The definition of the radius of a laser beam with a flat-top profile is trivial, but most light beams have other transverse shapes. A frequently obtained shape is the Gaussian one, where the transverse intensity variation is described with the following equation:
where the beam radius w is the distance from the beam axis where the optical intensity drops to 1/e2 (≈ 13.5%) of the value on the beam axis. At this radius, the electric field strength drops to 1/e (≈ 37%) of the maximum value.
The usual formula symbol of the beam radius is w. Some authors use ω instead, but that may be confused with an angular frequency.
For arbitrary (possibly not Gaussian) beam shapes, several different definitions are common. It is possible to still use the 1/e2 intensity criterion, or a full width at half-maximum (FWHM), or a radius including 86% of the beam energy, etc. The problem with this type of definitions is essentially that the result does not depend on, e.g., how quickly the intensity decays in the wings of the profile. To illustrate this, Figure 1 shows two intensity profiles which have the same FWHM width, although the dashed curve is clearly wider in a meaningful sense. In the case of complicated intensity patterns, it is even more obvious that an FWHM definition cannot be appropriate.
For such reasons (and another reason, which is discussed below), the recommended definition is that of ISO Standard 11146, based on the second moment of the intensity distribution I(x,y). For example, the beam radius in the x direction is
where the coordinates x and y must be taken to be relative to the beam center, i.e., such that the first moments vanish. The method is also called the D4σ method, because for the beam diameter, one obtains 4 times the standard deviation of the intensity distribution.
One can define the beam radius wy in an analogous fashion, just replacing x2 with y2 in the upper integral.
For Gaussian beams, the D4σ method gives the same result as the 1/e2 method, whereas for other beam shapes there can be significant deviations. The D4σ method should be used particularly when trying to predict the evolution of the beam radius for not diffraction-limited beams. It has been shown that the usual rules for Gaussian beam propagation with a certain M2 factor then correctly describe this evolution, whereas errors occur when using beam radii defined in some other way. This is important to observe e.g. when designing the pump optics of a diode-pumped laser, because clearly non-Gaussian beam shapes can occur.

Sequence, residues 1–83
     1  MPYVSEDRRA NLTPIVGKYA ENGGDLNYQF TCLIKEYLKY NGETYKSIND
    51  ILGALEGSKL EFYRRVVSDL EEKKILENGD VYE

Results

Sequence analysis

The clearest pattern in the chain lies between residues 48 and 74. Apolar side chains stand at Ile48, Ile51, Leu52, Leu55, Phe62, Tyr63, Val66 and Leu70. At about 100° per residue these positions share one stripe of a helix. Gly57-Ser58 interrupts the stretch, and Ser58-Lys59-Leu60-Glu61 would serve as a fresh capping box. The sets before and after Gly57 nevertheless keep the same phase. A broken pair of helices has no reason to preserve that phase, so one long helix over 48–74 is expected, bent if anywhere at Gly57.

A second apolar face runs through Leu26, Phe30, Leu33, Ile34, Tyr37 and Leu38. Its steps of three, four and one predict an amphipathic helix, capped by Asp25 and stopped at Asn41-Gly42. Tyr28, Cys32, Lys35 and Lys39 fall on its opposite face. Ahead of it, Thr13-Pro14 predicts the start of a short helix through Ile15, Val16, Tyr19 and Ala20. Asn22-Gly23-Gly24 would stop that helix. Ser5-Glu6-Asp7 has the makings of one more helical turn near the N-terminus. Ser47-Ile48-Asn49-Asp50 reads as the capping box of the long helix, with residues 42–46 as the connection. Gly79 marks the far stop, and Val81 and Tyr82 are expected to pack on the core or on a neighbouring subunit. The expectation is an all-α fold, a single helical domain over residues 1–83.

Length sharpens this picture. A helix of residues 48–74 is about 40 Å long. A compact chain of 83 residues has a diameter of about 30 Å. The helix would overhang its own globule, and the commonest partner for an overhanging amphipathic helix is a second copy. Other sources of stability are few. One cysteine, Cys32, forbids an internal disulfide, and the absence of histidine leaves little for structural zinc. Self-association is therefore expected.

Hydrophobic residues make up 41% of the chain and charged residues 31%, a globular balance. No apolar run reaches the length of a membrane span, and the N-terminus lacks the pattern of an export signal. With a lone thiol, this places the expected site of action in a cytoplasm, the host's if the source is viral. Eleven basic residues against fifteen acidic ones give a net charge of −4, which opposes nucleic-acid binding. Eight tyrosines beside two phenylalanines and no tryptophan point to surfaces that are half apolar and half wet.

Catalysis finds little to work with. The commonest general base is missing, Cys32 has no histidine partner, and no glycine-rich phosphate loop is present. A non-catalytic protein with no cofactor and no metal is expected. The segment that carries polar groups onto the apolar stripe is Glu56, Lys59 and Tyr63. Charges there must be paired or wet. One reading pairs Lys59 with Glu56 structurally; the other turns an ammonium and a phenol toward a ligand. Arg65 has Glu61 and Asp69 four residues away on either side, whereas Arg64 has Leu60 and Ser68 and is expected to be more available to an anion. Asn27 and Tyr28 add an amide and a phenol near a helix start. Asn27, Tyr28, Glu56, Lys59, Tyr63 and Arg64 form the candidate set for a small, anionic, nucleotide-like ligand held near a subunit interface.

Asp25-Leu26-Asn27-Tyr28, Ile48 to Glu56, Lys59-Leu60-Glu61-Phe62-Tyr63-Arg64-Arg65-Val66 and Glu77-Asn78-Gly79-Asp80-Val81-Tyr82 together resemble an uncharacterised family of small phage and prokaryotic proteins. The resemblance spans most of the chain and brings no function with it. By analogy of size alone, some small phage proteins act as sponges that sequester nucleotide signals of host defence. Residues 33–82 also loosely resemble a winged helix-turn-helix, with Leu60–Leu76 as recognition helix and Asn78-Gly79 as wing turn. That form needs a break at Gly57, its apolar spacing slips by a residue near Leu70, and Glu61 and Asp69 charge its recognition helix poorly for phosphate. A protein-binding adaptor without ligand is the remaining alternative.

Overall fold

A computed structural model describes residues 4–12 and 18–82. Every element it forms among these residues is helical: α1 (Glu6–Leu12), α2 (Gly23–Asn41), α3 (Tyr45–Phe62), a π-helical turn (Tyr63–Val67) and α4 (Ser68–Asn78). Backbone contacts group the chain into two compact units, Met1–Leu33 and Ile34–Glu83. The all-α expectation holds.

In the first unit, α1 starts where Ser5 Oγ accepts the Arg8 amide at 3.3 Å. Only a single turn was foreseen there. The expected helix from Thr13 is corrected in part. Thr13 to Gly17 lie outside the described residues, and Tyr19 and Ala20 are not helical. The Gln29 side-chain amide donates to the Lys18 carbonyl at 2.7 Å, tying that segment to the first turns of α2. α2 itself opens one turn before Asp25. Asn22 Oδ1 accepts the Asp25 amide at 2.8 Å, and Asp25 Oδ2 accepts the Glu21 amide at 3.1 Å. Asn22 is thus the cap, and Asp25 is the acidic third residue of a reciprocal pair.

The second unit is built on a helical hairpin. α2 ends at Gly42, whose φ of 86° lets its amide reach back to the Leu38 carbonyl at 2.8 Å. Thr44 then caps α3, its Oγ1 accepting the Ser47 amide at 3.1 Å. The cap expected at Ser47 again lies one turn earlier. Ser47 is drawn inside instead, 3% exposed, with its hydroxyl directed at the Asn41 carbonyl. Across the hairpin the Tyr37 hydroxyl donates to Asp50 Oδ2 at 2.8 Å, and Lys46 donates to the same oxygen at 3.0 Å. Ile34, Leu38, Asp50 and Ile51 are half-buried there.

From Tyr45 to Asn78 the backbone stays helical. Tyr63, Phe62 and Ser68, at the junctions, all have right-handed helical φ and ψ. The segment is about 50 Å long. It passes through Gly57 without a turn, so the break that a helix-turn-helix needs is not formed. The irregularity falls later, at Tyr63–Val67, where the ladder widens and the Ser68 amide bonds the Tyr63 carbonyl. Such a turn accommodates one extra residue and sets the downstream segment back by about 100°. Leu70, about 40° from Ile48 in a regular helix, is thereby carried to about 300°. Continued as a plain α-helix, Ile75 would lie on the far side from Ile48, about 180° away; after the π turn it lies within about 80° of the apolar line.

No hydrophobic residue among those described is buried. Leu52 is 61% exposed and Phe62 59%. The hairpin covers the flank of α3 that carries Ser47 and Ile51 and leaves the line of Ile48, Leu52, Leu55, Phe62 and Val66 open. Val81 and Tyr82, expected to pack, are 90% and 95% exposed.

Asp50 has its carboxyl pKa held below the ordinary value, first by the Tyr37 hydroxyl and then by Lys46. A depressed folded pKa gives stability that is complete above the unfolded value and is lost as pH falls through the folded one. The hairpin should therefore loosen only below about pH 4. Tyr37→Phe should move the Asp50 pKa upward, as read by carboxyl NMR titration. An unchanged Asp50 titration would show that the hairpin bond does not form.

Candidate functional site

Disadvantages of the second-moment method are that the beam radius calculation is somewhat complicated (it usually requires numerical code), and that the result is quite sensitive to the intensity of the outer parts of the profile. For example, it is easily compromised by some vertical offset in the measured intensity distribution (e.g. caused by ambient light) and by noise of the camera. A detector with high dynamic range is therefore required. Often one also uses special smoothing techniques for reducing measurement errors.
In the context of laser-induced damage, one often uses an effective beam area, which is defined as the optical power divided by the maximum intensity, and is considered to be π times the effective beam radius. For a Gaussian beam, that effective beam radius is smaller than the Gaussian beam radius by a factor square root of 2.
The beam diameter is generally defined as twice the beam radius – no matter what the particular definition of beam radius is. For Gaussian beams, the FWHM beam diameter is 1.18 times the Gaussian beam radius (1/e2 value).
For the measurement of beam radii, various kinds of beam profilers exists.
|||H. Kogelnik and T. Li, “Laser beams and resonators”, Appl. Opt. 5 (10), 1550 (1966)|
|||P. A. Bélanger, “Beam propagation and the ABCD ray matrices”, Opt. Lett. 16 (4), 196 (1991)|
|||ISO Standard 11146, “Lasers and laser-related equipment – Test methods for laser beam widths, divergence angles and beam propagation ratios” (2005)|
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